Of course planning financially for the end of your life is not a pleasant endeavor—but it is one of the most loving things you can do to ensure that your family is prepared. If your family members are in the dark about your intentions, they may make incorrect assumptions, potentially creating family conflict.
Fortunately a straightforward conversation can help clarify your wishes and cultivate good feelings among family members. Here are some suggestions for making estate plan conversations as clear and productive as possible:
Lay the groundwork.
Rather than telling your family that you’d like to talk about what happens when you die, consider framing the discussion as a way to make smart financial decisions as a family, suggests Fran Miller, professor of economics at Boston University. “No one will balk at having a conversation about working toward the best possible financial results for everybody,” Miller notes.
Pick the right time.
It can be tempting to use holiday gatherings as the springboard for a discussion of family finances. Think twice, though—celebrations can be stressful and emotionally charged. Bringing sensitive subjects, such as estate planning and end-of-life care, into the mix can stir up people’s emotions even further.
Instead choose a time and place in which family members will be free to focus on the discussion at hand. For example you might plan a summer picnic, with a few hours dedicated to a discussion of family finances and end-of-life care.
Be open and honest.
You may hope to minimize family conflict and avoid hurt feelings by simply not discussing sensitive topics such as the way you intend to distribute your assets. However, a frank discussion actually is the best way to avoid future conflict among your heirs—even if the conversation is uncomfortable in the short term.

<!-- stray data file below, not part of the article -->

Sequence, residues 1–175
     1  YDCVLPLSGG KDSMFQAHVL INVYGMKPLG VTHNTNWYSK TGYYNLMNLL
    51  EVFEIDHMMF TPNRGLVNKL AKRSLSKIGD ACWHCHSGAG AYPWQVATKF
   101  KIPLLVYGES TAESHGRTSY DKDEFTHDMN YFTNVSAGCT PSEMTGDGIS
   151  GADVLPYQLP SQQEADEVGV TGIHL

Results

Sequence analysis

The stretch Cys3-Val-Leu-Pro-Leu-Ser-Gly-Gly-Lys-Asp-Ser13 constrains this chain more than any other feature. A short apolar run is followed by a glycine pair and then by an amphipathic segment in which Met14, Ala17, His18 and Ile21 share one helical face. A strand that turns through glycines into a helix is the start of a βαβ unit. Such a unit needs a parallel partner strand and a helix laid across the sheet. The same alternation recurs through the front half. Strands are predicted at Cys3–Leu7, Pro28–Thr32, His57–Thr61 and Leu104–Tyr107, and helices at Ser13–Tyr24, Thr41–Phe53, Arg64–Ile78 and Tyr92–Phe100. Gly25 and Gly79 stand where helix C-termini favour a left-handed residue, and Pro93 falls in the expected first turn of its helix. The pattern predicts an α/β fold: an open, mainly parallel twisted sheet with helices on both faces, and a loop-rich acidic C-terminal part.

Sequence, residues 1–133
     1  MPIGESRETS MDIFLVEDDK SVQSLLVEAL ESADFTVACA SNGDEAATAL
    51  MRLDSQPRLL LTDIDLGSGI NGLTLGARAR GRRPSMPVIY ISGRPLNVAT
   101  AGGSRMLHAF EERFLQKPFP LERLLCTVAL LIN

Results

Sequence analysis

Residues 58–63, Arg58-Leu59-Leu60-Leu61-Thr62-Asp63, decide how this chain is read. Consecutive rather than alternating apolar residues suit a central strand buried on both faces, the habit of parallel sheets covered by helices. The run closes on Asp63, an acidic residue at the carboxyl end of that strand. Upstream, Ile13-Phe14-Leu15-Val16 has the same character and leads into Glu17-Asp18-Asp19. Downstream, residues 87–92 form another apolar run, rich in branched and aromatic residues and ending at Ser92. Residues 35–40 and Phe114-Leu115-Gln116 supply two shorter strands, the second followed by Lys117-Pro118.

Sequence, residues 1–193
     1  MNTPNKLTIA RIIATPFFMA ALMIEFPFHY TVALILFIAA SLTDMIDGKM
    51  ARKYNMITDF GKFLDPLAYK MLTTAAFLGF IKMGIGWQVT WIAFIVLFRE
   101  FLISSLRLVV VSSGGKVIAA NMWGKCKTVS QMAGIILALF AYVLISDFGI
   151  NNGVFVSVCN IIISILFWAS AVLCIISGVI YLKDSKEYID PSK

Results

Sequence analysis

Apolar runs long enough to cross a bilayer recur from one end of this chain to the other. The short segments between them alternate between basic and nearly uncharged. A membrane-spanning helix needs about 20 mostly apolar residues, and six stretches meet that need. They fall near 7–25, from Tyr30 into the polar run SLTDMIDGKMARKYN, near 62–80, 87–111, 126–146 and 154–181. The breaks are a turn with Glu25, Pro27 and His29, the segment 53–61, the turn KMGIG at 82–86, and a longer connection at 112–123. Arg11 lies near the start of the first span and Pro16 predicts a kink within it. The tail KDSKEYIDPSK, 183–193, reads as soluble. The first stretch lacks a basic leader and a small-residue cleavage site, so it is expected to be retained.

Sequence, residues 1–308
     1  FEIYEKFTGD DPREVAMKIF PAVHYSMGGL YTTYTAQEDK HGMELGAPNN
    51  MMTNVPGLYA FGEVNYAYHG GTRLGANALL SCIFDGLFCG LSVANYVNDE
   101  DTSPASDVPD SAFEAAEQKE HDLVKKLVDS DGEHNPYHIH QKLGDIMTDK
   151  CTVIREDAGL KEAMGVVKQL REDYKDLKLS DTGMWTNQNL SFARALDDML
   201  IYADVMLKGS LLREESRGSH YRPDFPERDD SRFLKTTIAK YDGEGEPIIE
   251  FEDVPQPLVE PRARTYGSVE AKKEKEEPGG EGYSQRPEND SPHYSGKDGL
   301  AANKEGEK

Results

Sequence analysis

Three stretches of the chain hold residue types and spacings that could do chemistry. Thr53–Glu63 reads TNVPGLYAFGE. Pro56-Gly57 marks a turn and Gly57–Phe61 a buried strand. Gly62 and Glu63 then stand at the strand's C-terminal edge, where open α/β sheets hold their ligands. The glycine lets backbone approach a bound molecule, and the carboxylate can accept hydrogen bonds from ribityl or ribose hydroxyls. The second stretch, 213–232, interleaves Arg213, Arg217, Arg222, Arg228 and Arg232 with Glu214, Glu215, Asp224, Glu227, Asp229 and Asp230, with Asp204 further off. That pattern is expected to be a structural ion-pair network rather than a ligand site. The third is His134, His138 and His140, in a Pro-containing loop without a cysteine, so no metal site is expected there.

If your estate plans include particularly sensitive situations, such as inheritances that are split unevenly among your children, you may wish to ask a financial advisor, attorney or mediator to serve as an impartial facilitator.
Cover the essentials.
When the time for your family discussion arrives, aim to give participants a general sense of what to expect in years to come. Adult children should know whom you’ve named to be your will’s executor, as well as where to find important financial papers. You also might give them a general idea of how much, if anything, they may inherit, which may be important as they make their own financial plans. And explain the rationale behind any other significant pieces of your estate plan such as the establishment of a family trust or major charitable donations. Ultimately this conversation can help ensure that your family understands your wishes—and is in the best position to carry them out.
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